Tue 26th – Sat 30th November 2013


Alex Jarvis

at 16:30 on 27th Nov 2013



Walking into the Corpus Playroom, I was greeted by the sound of calming music and a bored-looking couple sat in a hospital room. The empty minutes, as they ticked by with a disappointingly small crowd trickling in and taking their seats, set the scene for a play which cleverly represented the passage of time as a source of frustration.

As the action got underway, the surrealist tones of the play built to a pitch which seemed not unsustainable or forced but, at first, not so much funny as bizarre. The performance subverted our expectations of the process of childbirth through the reversal of the genders involved, but this was not taken to extremes; although at times of emotional frenzy the stereotypes were perhaps pushed almost too far, this felt natural in the context and Gabriel Cagan’s performance of Ed as he takes on the role of the stereotypical ‘hormonal woman’ seemed human, given the traumatic circumstances, and yet at the same time self-referential and tongue in cheek; whilst not an explicitly feminist play, the patronising of Cagan’s emotional outbursts by three women - his clever and successful wife, a tough northern nurse and doctor who repeatedly calls him ‘my love’ - delightfully subverts the patriarchal norm. “It’s a man’s world, gynaecology”, we are told ironically by Natasha, the competent doctor played by Nisha Emich, whose calm performance provides a welcome ‘palate-cleansing’ effect which prevents the mania of Ed and his wife Lisa, played by Lili Thomas, becoming overwhelming, particularly when the sense of frustration and confusion is ramped up by the almost farcical and at times slapstick appearances of Joyce, played perhaps heavy-handedly (although this worked for the character) by Chloe France.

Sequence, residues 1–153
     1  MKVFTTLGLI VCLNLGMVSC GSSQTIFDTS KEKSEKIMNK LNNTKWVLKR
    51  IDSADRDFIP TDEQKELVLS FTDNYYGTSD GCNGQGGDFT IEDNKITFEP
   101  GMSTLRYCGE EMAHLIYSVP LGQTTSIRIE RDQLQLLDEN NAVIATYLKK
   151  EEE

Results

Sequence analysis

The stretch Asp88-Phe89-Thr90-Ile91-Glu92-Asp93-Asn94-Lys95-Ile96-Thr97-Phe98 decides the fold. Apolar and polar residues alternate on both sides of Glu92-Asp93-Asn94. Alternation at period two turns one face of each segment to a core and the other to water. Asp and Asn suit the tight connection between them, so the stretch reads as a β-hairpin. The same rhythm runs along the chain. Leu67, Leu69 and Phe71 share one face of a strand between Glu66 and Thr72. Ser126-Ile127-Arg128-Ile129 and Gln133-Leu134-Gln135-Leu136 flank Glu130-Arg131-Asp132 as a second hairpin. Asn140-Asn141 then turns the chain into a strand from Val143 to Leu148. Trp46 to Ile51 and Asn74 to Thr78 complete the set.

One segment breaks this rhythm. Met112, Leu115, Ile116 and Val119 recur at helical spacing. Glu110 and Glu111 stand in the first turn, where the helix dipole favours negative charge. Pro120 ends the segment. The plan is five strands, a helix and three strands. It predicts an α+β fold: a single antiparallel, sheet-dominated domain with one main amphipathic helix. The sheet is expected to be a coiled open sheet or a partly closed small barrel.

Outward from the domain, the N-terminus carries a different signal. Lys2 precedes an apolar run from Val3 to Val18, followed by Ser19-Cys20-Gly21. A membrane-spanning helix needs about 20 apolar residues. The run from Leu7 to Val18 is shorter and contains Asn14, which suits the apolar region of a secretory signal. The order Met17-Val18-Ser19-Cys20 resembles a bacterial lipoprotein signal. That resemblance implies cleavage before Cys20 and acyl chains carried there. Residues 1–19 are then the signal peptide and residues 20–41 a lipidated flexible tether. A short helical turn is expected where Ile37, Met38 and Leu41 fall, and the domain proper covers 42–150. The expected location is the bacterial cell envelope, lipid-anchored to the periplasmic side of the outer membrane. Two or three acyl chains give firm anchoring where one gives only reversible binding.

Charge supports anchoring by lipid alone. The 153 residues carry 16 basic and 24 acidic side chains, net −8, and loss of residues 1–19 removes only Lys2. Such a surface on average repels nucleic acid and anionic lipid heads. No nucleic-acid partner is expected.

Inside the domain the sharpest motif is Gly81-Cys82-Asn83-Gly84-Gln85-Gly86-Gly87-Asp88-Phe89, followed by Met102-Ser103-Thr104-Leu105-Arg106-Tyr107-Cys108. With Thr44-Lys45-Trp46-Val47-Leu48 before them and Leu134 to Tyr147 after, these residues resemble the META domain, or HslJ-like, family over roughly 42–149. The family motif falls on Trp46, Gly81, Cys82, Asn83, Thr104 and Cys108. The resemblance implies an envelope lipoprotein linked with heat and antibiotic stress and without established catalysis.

A sense of schadenfreude provides light relief, with various yet universally painful pseudo-medical procedures performed upon the hapless Ed as they are described to him in medical jargon which clearly makes no sense to him. The character himself asks how he is giving informed consent when he understands nothing of the procedures – which seem to fixate upon anal penetration, perhaps a Freudian symbol of Ed’s emasculation but a gag which became slightly forced towards the end.

This performance merited a much larger crowd than it drew on its opening night, perhaps because of the fact that none of the audience knew quite what to expect. Dark humour as a way of dealing with unease and a loss of control was the order of the day in a play which challenged gender, class, politics and what the concepts of birth and motherhood mean in a changing modern world.


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